ALBANY, Ga., January 24, 2023 /PRNewswire/ — With food prices on the rise, consumers are looking for foods and recipes that will stretch their dollar. According to the Peanut Institute, peanuts and peanut butter are among the most affordable, nutrient-dense sources of protein available.
A one-ounce serving of a handful of peanuts costs approx 15 centsdelivers seven grams of plant-based protein, plus 19 vitamins and minerals, heart-healthy fats and fiber.
“Research shows that replacing animal-based protein with plant-based protein can help add years to your life1“, says the doctor. Samara Sterling, nutrition scientist and scientific director of the Peanut Institute. “Making smart food choices every day creates a healthy lifestyle that benefits you and your family.”
Because they are packed with vitamins and minerals, peanuts and peanut butter provide both short-term and long-term benefits that positively impact every stage of life.
Healthy development of children’s brain, bones, muscles and immune system. Peanuts also contain arginine, an amino acid associated with higher growth rates.2
Weight management in adults by satisfying greater hunger. A recent study found that participants who ate peanuts and peanut butter consumed fewer calories than those who ate other nuts, including almonds.3
Protection against certain cancers with antioxidants and phytosterols proven to be effective against brain, skin, stomach, colon, breast, pancreatic and prostate cancer.
Keeping Your Mind Aging thanks to compounds that increase blood flow to the brain, protect against Alzheimer’s disease, and even fight anxiety and depression. Niacin, in particular, is associated with reduced rates of cognitive decline.4
Good for the body and good for the planet
While peanuts have many health benefits, they are also good for the earth.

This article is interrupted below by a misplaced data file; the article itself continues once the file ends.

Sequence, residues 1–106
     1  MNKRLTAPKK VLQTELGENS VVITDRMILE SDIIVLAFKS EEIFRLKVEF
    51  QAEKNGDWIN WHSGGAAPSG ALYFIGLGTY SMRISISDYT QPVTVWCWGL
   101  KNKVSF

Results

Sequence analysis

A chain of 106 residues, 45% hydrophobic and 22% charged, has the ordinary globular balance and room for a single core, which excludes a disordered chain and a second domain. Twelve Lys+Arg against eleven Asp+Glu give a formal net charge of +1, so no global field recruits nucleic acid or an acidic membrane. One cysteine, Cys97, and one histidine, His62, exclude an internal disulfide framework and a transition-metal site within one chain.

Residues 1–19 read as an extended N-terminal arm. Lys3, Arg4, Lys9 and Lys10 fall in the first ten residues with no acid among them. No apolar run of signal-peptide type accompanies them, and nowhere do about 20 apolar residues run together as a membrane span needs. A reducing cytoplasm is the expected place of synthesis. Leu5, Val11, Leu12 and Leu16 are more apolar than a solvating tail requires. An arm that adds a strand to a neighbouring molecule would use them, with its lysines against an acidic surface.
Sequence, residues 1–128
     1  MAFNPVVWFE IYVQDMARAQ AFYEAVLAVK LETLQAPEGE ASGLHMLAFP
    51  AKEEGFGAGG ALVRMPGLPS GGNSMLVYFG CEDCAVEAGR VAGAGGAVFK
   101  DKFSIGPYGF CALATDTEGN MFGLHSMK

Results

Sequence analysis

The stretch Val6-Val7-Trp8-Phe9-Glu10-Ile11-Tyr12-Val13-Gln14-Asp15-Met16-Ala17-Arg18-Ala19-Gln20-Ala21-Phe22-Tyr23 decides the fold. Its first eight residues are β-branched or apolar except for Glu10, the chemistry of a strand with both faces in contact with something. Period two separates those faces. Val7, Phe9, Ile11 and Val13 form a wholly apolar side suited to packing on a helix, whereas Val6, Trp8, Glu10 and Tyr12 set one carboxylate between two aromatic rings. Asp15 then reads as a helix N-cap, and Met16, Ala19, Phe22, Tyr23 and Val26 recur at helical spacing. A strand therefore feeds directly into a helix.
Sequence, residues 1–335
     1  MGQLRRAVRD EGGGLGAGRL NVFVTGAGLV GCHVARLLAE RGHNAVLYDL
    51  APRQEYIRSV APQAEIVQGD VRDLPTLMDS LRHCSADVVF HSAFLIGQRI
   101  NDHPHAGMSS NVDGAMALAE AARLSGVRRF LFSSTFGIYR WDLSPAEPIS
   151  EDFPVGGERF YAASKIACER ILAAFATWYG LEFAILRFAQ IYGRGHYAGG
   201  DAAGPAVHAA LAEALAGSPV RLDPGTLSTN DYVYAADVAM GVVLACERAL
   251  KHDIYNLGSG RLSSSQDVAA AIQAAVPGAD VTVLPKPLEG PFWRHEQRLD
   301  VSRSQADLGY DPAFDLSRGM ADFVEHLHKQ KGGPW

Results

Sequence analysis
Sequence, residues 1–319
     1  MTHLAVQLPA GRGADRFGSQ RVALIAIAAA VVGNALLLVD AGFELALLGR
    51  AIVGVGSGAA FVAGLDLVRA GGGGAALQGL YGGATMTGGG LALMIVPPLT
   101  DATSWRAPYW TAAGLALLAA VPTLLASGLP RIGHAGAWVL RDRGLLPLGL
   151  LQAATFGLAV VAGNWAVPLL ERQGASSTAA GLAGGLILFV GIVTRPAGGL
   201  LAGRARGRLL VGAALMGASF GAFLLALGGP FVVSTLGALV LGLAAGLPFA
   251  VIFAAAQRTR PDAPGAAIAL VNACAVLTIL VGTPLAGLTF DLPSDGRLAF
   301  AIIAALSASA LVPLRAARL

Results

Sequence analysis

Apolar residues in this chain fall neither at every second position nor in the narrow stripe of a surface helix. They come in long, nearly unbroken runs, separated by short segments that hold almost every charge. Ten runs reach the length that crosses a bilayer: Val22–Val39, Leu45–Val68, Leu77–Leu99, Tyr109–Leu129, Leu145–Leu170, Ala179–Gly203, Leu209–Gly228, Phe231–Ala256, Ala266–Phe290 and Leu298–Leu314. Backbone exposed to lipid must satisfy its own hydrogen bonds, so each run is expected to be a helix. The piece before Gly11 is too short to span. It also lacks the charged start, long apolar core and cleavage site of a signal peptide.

Because peanuts are technically legumes, they are easier to grow and harvest than more expensive tree nuts.
Peanuts require less water than tree nuts.5 Compared to almonds, peanuts require less than half the water to grow. (2,782 vs. 8,000 per cubic meter)
Peanut enriches the soil with nitrogen to make the soil fertile. They produce 90% of their nitrogen, which means they help create a sustainable world.
Peanut emits less greenhouse gases. Peanut butter emits just 2.9 units of CO2 emissions, less than half that of eggs (4.8 units) and less than a quarter of cheese (13.5 units).
These statistics, along with the long shelf life of peanuts and peanut butter, equate to a convenient, sustainable, cost-effective food to keep on hand.
Visit PeanutInstitute.com for recipes that include breakfast, lunch, dinner, desserts and snacks. The Peanut Institute also shares research updates and nutrition ideas Facebook, Twitter, Instagram, LinkedIn and Pinterest.
based on Albany, Ga., the Peanut Institute is a nonprofit organization that supports nutrition research and develops educational programs to promote healthy lifestyles that include peanuts and peanut products. The Peanut Institute pursues its mission through research programs, educational initiatives, and promoting healthy lifestyles to consumers of all ages. As an independent forum, the Peanut Institute is uniquely positioned to work with all segments of the food industry, the scientific community, academia, consumer organizations and government agencies.
Sources: 1. Huang J, Liao LM, Weinstein SJ, Sinha R, Graubard BI, Albans D. Association between plant and animal protein intake and all-cause and all-cause mortality. JAMA Intern Med. 2020 September 1;180(9):1173-1184. doi: 10.1001/jamainternmed.2020.2790. PMID: 32658243; PMCID: PMC7358979.
2. van Vught, AJAH, et al., Dietary arginine and linear growth: an intervention study in Copenhagen school children. British Journal of Nutrition, 2013. 109(6): p. 1031-1039.2. Kennedy DO (2016).
3. Cassandra Jay Nikodiewicz, Yasmine C. Probst, Se-Yen Tan, Elizabeth P. NealEffects of tree nut and peanut consumption on energy expenditure and energy expenditure: a systematic review and meta-analysis, Advances in Nutrition, 2022, ISSN 2161-8313, https://doi.org/10.1016/j.advnut12. .006.
4. Morris MC, Evans DA, Bienias JL, Scherr PA, Tangney CC, Hebert LE, Bennett DA, Wilson RS, Aggarwal N. Dietary niacin and risk of Alzheimer’s disease and cognitive decline. J Neurol Neurosurg Psychiatry. 2004 Aug;75(8):1093-9. doi: 10.1136/jnnp.2003.025858. PubMed PMID: 15258207; PubMed Central PMCID: PMC1739176.
5. “The Green, Blue and Gray Water Footprint of Crops and Derived Crops.” MM Mekonnen and A. Ya. Hoekstra. UNESCO Institute of Water Education, December 2010. http://wfn.project-platforms.com/Reports/Report47-WaterFootprintCrops-Vol1.pdf.